Extroverted parents/introverted kids

 
 

Lucy Latourette

Were you always the belle of the ball? Perhaps you were the school's star football player. Enthusiastic and gregarious, you gravitated to all things social and couldn't wait for the next school function. Now with your own children, you looked forward to seeing them involved and having those same experiences.

But your daughter won't go through the door of the dance and your son would rather read a book than sack the quarterback.

As parents, we naturally assume our children will be just like us. But what happens when your personality is at odds with your child's, especially when they hit the tween years, which bring their own challenges?

That delicate 10- to 12-year-old age range is a time of many social, hormonal and academic changes. Boys and girls discover each other, dances and other events abound, plus the rigors of school and homework increase. The quiet and introverted tween can struggle.

And parents whose natural inclination is to be at the center of everything may find it difficult to deal with their child's very different world. However, with an open mind and some strategies, extroverted parents can positively nurture their introverted children.

Be aware

Know your differences. They're real. Sometimes the biggest barrier can be a parent's failure to recognize that fact.

Maybe your toddler never warmed up to people or your kindergartner didn't like group play. Was your third-grader's entire year of recess spent alone picking up rocks?

Shy children often come out of their shells as they mature. Others may not. The important thing is to be mindful of your opposite personality traits.

"The need to adjust to different temperaments is challenging but quite common," says Jennifer Stein, a licensed clinical psychologist with Comprehensive Psychological Services in Arlington Heights. "When parent and child temperaments differ, it's important for parents to be attuned to their child's natural pace and rhythms."

Have empathy

"It is important to work with your child to figure out their worries and anxieties," says Dr. Carrie Gottainer, a licensed clinical psychologist, also with Comprehensive Psychological Services.

It's also important for extroverted parents to put themselves in their introverted child's shoes. Don't let your love of the limelight blind you to what's happening in their world.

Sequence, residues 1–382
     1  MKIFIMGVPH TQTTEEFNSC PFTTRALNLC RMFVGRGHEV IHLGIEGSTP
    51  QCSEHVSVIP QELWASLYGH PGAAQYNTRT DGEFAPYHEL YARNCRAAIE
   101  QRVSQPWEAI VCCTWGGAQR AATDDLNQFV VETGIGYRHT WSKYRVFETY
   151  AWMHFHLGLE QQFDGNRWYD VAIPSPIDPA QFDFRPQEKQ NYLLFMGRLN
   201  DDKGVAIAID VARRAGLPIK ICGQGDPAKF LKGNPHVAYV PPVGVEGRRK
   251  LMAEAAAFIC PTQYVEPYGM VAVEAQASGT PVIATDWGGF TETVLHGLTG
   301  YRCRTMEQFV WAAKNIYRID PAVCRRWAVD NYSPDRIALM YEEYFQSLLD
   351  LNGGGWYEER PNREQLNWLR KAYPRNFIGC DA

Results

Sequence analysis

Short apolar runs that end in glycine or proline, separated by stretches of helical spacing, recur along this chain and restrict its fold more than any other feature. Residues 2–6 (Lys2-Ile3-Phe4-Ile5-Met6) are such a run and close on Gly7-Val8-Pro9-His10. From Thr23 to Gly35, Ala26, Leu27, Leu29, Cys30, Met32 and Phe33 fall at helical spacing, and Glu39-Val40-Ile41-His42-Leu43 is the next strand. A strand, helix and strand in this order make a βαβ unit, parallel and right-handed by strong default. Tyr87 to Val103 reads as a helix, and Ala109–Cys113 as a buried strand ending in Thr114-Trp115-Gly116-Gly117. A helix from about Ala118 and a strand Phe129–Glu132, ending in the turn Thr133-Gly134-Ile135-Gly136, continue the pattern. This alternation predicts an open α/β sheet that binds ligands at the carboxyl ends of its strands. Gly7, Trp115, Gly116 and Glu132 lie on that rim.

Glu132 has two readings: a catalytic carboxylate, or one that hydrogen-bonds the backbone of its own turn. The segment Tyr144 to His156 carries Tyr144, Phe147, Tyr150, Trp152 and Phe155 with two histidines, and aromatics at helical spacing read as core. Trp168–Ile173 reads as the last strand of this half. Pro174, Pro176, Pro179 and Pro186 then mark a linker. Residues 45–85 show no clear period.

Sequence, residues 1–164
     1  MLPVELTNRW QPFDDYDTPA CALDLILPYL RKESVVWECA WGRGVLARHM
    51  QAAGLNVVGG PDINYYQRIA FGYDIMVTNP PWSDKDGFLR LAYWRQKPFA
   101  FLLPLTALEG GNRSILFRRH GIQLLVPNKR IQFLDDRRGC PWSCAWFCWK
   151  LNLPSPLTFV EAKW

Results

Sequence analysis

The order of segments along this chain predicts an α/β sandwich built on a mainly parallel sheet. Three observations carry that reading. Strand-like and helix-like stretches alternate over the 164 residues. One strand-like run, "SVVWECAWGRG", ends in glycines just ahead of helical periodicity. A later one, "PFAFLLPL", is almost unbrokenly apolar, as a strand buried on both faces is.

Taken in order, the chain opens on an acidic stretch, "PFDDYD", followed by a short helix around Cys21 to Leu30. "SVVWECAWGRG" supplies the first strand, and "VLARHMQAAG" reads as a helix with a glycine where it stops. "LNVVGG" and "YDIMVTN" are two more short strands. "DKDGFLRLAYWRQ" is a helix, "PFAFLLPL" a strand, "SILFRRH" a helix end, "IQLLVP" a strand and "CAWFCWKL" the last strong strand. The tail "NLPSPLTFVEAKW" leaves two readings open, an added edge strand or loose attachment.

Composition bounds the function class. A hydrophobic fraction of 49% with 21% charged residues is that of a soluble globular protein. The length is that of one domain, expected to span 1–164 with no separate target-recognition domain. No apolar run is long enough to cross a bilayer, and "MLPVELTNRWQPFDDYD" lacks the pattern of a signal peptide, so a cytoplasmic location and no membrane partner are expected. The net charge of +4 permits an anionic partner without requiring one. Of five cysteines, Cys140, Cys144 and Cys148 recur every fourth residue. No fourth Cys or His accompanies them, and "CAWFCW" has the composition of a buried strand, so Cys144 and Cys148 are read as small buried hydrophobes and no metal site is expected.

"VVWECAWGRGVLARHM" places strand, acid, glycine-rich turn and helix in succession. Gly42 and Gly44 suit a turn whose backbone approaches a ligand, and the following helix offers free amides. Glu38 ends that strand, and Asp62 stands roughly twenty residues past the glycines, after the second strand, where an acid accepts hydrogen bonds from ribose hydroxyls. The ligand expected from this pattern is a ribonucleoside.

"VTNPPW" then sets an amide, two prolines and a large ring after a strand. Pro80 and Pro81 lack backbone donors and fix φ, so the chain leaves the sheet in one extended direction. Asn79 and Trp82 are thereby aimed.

Gently guide

Who hasn't been persuaded by their parents to do something they didn't want to do, only to have a great time in the end? Anticipatory anxiety can get the best of anyone, especially an introverted tween. Not knowing what to expect can be fearful, uncomfortable and lead to staunch refusals to participate.

Enter the "nudge." "C'mon honey, give (insert activity here) a chance, it could be lots of fun."

Nothing is more satisfying than your child coming home saying he had the best time and is happy he went. A little push out of the nest can work wonders.

Don't push too hard

But experts warn not to let push come to shove. Testing waters outside one's comfort zone and getting thrown into the deep end are two different things. Children can be pushed into something they're not ready for, even by the most well-intentioned parents.

"If your child is letting you know they're not ready, talk with your child to try and figure out what they are worried about," Gottainer says. "Help your child ease into social situations by providing skills and giving them information and support."

It's a strategy that is successful for Rolling Meadows dad Joe Dilillo and his 11-year-old son, Dominic. Dilillo is a successful, outgoing music producer and easily gravitates toward people. However, he admits, "changing gears can be tough for Dominic, at times, and we make it a practice to go over things and expectations regarding a variety of situations and events. Knowing things in advance empowers Dominic, helps make for smooth transitions, and is a confidence builder. "

Respect the baby steps

Confidence is tied to one's comfort zone and varies based on personality. As an extrovert, your natural inclination may be to work a crowded room like a Chicago politician. Conversely, one single step might be a giant leap to your cautious child.

Moving forward is the key, no matter how sluggish it seems to you as an extrovert. Slow and steady can work. Just ask the tortoise.

Accept and love

Bridging the personality gap of an extroverted parent and introverted tween can present many trials and tribulations. But children do eventually find their way and come into their own. Provide encouragement and be there as they explore new things at their own pace.

 
 





 
 
 
Copyright 2014 Wednesday Journal Inc. All rights reserved. Chicago web development by liQuidprint